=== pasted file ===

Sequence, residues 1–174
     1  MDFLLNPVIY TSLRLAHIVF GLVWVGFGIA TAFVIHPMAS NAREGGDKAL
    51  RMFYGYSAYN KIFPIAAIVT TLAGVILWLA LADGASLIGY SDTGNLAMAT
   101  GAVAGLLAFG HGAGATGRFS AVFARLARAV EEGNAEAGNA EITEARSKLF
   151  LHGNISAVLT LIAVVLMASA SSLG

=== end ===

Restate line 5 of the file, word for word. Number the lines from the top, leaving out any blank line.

   151  LHGNISAVLT LIAVVLMASA SSLG